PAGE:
In Skansen, the glassworks is located in the "town quarter" along with other historic businesses like a tannery, ironmonger, pottery, printer and bakery. The glassworks is, by far, the most popular with visitors. Here you can browse through their shop, filled with beautifully designed glass... all handmade on site in the glassworks. A great place to buy some unique souvenirs or gifts to take home. You can also watch the glassmasters at work, making both glassware for the shop as well as commissioned pieces. As the glassworks are located within Skansen, you have to pay the entrance fee to get in. However, if you are just coming to do some shopping at the store... let them know at the entrance and you can get a refund on the entrance fee when you leave.
Now for the fun part... you also have the opportunity to try your hand at glassblowing! This was the reason for my visit last week. The package includes entrance to Skansen, a guided tour around the shop and glassworks, and blowing your own glass or glass ball (under supervision of one of the masters). You also get to keep the glassware you created, which is delivered to the hotel the next day (after it has time to cool). You also have the choice of adding a traditional Swedish fika to the package. Shipping abroad and booking times after regular opening hours are both possible at an extra cost. You can book this package on their website or, if you are staying at the Rival Hotel, contact me directly to book.
Glassmaster helping me dip the molten glass in pigment.
I found the whole experience to be very fun and educational. The atmosphere at Skansen also lends a historically Swedish feel to the experience. I was a little nervous at first considering the extremely hot materials being used. But they were very safety conscious and hands-on in their supervision. As you can understand, due to the hot materials, children aren't allowed to blow glass. After the glassmaster pulls out the molten glass, you get to choose the color of your glassware by rolling the molten glass in different pigments. After rewarming the glass, you alternate between blowing and using different tools to shape the glass.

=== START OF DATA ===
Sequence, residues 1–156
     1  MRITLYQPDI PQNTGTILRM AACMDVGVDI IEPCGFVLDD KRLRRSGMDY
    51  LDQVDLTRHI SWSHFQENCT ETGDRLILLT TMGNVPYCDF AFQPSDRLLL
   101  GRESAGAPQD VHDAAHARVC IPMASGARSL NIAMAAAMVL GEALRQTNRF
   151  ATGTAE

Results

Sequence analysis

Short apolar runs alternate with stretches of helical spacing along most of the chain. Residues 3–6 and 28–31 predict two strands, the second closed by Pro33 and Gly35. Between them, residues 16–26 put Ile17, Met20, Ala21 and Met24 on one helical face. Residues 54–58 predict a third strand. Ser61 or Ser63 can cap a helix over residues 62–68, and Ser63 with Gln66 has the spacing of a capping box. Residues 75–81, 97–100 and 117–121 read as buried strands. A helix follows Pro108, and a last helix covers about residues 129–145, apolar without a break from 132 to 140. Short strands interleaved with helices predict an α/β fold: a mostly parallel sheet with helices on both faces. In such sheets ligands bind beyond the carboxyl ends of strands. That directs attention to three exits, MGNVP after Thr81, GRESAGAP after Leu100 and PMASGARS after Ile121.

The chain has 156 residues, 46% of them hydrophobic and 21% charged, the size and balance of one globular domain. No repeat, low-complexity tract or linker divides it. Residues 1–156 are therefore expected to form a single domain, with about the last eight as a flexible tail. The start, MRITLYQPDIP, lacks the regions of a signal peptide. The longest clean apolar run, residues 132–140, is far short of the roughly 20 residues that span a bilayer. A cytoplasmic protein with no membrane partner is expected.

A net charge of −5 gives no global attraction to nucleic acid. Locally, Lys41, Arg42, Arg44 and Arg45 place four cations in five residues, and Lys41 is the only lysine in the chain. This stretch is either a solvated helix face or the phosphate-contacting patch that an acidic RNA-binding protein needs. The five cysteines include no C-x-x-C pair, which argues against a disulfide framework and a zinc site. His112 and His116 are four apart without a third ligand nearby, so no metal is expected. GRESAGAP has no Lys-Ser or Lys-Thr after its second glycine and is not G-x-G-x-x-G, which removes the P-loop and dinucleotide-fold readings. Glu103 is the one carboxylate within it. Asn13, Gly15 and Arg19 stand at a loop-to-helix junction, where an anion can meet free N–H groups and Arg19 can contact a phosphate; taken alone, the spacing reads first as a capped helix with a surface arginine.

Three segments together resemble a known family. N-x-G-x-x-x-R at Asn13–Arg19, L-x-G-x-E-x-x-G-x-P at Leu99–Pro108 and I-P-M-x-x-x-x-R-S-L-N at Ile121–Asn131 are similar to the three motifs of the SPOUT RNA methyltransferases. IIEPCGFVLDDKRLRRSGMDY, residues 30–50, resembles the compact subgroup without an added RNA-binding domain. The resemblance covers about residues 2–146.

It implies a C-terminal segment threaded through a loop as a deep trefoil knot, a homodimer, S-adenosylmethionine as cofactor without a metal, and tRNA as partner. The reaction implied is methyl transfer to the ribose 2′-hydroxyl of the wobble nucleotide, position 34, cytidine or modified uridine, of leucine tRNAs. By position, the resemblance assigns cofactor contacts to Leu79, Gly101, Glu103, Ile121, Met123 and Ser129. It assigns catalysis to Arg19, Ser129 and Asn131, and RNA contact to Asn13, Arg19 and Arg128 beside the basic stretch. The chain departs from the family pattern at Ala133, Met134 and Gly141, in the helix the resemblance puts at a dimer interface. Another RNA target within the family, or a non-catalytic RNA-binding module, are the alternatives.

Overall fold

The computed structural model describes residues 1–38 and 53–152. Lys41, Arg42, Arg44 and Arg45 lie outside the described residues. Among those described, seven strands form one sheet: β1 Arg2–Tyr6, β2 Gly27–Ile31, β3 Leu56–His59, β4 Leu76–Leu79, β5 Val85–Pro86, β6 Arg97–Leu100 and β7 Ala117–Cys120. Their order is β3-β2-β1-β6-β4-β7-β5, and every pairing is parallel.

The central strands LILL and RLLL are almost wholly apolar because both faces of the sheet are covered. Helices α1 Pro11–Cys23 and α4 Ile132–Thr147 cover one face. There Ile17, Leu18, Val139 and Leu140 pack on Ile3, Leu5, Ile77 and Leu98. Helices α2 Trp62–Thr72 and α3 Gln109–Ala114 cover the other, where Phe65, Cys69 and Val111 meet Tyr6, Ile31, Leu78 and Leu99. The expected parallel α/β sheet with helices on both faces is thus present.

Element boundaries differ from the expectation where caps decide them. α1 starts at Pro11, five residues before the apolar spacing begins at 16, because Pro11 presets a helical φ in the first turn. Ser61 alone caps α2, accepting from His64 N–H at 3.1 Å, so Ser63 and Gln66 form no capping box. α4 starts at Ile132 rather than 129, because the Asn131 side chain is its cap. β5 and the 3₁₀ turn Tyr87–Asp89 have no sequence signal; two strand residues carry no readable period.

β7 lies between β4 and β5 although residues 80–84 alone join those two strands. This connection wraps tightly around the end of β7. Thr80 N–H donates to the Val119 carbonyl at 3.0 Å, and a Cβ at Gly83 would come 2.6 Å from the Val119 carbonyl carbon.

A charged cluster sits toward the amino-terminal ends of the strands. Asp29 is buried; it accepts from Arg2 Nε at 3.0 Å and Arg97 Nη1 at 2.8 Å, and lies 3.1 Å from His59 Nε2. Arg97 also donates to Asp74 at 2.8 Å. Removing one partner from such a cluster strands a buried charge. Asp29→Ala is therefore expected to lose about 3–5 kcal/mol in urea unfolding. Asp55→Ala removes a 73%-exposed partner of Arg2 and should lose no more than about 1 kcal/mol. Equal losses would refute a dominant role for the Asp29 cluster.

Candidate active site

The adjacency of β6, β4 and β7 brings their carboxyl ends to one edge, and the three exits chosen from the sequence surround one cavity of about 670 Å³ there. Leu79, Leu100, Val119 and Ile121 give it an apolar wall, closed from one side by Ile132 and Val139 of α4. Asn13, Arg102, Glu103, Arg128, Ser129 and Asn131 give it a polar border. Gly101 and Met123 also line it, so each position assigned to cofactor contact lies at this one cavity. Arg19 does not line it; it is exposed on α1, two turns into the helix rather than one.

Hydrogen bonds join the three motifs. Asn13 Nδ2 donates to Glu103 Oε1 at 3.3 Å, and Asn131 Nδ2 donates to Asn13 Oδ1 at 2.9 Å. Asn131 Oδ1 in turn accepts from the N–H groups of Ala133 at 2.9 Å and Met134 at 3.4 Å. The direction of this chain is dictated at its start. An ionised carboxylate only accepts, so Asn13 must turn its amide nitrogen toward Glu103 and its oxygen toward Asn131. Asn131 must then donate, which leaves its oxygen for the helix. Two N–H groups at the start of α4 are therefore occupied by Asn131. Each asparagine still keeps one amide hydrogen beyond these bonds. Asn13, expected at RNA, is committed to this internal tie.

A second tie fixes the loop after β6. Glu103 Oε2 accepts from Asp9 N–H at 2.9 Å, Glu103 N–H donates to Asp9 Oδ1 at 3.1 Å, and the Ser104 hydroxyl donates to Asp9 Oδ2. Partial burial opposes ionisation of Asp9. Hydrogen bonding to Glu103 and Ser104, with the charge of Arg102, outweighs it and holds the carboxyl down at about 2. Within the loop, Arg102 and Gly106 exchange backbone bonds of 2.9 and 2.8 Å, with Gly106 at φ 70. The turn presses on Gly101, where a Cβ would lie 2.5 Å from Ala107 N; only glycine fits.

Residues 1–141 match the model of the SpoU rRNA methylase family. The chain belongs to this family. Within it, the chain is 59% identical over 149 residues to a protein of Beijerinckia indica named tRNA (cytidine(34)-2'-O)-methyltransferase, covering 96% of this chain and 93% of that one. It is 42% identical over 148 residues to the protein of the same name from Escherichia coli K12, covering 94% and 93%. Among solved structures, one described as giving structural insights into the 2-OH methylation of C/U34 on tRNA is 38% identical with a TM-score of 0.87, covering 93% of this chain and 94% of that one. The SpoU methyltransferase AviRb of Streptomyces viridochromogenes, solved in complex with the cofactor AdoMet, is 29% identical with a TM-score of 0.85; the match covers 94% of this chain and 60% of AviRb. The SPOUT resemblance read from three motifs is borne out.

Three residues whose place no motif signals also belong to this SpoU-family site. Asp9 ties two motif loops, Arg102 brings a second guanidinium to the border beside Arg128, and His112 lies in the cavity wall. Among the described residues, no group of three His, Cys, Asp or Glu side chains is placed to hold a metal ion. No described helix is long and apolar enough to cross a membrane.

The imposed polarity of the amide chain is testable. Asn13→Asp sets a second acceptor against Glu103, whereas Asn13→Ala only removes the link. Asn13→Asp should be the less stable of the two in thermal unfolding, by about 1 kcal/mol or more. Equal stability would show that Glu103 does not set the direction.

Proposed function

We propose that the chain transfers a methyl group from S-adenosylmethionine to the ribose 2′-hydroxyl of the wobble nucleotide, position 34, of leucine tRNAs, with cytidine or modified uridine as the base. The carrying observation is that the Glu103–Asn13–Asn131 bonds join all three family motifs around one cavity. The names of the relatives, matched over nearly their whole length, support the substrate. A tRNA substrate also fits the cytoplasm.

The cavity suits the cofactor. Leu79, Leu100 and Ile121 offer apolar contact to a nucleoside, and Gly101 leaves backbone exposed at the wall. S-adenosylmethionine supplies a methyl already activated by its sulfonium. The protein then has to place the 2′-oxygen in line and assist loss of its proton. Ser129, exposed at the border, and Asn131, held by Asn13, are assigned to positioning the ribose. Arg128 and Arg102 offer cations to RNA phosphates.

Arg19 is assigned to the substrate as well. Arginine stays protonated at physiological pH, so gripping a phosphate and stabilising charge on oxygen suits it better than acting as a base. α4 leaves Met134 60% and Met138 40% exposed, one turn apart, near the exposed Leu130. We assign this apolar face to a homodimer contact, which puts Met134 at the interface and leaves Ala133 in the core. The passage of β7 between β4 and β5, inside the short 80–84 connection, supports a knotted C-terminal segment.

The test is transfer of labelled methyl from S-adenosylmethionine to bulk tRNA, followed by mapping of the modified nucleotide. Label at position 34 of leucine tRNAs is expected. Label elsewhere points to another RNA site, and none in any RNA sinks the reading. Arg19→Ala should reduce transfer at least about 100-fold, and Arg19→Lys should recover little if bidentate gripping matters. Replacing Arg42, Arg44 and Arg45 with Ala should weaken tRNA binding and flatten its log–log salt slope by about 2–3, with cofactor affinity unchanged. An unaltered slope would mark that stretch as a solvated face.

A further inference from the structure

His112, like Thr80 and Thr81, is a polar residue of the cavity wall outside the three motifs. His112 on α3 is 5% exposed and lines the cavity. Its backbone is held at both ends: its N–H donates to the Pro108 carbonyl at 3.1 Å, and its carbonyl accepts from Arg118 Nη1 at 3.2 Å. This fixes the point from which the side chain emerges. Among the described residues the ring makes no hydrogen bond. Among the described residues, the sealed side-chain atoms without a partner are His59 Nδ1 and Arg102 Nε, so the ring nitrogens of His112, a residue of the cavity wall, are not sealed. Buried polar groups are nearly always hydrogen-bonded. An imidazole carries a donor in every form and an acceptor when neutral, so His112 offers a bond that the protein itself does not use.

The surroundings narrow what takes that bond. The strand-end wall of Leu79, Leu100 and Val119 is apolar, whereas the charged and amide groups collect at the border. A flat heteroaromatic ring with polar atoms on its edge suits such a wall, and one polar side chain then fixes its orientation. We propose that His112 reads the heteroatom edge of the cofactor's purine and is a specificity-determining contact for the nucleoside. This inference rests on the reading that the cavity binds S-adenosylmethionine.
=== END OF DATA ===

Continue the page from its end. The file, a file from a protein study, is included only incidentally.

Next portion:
Shaping the glass and...
...blowing it.
I had made a glass ball so, after cutting the glass, the glassmaster helped me put on an "eye" on the top with a piece of molten glass in order to be able to hang the ball. After that the glass was put aside to cool slowly. My finished glass ball was delivered to me at the hotel the next day. Perhaps not perfectly round but still pretty good, if I do say so myself, for my first attempt at glass blowing... and nice to have a souvenir to remind me of the experience!
The finished glassware arrives at the hotel.
Pretty good for my first try!

April 7, 2017

Sightseeing in Stockholm with Strömma